What Every Target of Workplace Bullying Needs to Know

Blacklisted in Community Corrections

by Blacklist-Ed
(United States)

After reading many of the articles and stories on this site, I am compelled to share one of my own. It pertains to Community Corrections/Halfway Houses, and I was bullied differently in two of them, then permanently blacklisted from the industry.

After moving to a western state from NYC, I got a job as a Correctional Technician at a halfway house. Being a Correctional Technician (CT) is kinda like working in a prison, except that you have to administer drug tests, allow sign outs, and don't have to wear a uniform. The place I'd worked at had a very high staff turnover, with most CT's not lasting a year, two tops. I lasted close to four years, until I could not take it anymore. I later learned that the main boss was a highly functioning manipulative serial bully.

One of the major powers that such bullies have (especially in a 24/7 operation) is to use the schedule as a weapon. They deliberately stick you where you do not want to be and just make you miserable until you give up and quit. My bully also used a double standard, letting some employees get away with all but murder, while writing up others for lesser conduct. After being unjustly written up, placed back onto probationary status, rejected from promotion 3 times, jacked out of my bonus and the raise I'd have received had I lasted the full 4 years due to probation time, then completely wrecking my life by putting me on a far more demanding schedule, I finally had enough, got a job at another halfway house, gave 3 weeks notice, and quit on (what I thought to be) reasonably good terms. Little did I realize that I was going out of the frying pan and into the fire.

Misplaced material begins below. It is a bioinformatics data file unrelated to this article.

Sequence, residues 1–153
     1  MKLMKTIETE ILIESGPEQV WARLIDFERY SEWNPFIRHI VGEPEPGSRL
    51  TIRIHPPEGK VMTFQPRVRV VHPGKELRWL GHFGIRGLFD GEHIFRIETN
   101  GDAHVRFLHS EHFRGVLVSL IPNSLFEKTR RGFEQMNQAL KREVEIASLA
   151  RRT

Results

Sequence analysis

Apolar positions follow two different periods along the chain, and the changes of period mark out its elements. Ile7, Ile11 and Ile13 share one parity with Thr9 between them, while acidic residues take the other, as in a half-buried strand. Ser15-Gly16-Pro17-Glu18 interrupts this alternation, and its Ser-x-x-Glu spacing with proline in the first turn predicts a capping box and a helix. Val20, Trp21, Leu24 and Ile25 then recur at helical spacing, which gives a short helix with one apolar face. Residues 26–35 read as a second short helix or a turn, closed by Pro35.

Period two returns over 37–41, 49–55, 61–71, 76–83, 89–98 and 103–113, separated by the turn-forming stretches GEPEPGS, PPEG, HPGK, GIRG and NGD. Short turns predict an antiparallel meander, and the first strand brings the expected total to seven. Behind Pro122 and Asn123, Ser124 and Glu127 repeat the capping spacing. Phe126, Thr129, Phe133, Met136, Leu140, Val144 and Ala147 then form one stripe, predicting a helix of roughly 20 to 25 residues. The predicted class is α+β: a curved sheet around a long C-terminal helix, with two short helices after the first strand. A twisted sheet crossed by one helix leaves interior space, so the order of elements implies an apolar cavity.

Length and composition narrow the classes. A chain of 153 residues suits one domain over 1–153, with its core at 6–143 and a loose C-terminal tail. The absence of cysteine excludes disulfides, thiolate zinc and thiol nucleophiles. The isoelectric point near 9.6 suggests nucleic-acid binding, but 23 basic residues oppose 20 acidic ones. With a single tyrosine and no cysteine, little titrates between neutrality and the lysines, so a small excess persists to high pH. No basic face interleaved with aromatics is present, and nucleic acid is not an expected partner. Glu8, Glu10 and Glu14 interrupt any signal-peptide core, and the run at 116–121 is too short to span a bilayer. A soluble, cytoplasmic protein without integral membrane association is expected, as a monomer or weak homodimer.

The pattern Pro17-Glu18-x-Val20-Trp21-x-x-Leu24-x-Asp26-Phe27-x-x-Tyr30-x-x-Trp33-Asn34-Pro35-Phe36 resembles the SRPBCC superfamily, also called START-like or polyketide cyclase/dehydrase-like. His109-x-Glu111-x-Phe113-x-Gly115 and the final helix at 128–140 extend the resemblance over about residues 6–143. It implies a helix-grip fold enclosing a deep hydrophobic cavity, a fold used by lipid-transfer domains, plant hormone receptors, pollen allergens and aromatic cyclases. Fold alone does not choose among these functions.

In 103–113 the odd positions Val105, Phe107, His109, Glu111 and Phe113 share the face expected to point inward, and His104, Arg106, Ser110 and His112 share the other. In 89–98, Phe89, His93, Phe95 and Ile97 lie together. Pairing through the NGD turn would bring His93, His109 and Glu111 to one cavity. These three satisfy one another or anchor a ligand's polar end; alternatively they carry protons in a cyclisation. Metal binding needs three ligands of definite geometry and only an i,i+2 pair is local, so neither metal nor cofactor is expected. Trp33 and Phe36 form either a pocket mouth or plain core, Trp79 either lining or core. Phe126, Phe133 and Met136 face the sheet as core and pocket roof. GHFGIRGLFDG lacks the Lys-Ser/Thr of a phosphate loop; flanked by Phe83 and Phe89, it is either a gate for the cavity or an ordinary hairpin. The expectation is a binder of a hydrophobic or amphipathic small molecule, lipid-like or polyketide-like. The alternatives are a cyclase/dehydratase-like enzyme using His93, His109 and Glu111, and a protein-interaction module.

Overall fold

For the first couple of months the job was good, until the new serial bully came after me. She'd no college degree, leadership or management stills, but had wrecking people down to a science, using what I now know to be workplace sabotage, public humiliation, and exclusion to ruin staff. Once again I tolerated it, until she went too far. Yelling and screaming at me while at work I don't like, but can tolerate it to a point. She burned me on my performance appraisal, finding something wrong with everything I did in all categories, and jacking me out of my 3 month raise. I requested a follow up and a transfer to another facility, then worked the PM shift.

The next day I was scheduled to work the graveyard (AM) shift. That witch called me at my house in the middle of my sleep cycle (she makes and knows the schedule) and did not leave a message, as usual. Being half asleep I called back, to be asked "Are you coming to work tonight" by the witch's second in command who was working the main desk. I confirmed, as I'd never missed a days' work, then the witch demanded to talk to me. She started yelling, and I finally lost my temper, yelled back, called her a c^*T, then hung up. I am not proud of what I said, but in context she'd no business calling me at that time when I was understandably asleep to work the graves. Waking me up, then yelling and screaming at me when I'm not on duty is absolutely unacceptable!

The witch then called back, left a message instructing me not to report for work and to call the main office the next business day. I did as instructed, never received a callback, and got my last check in the mail later in the week. The witch got me fired, claiming poor performance.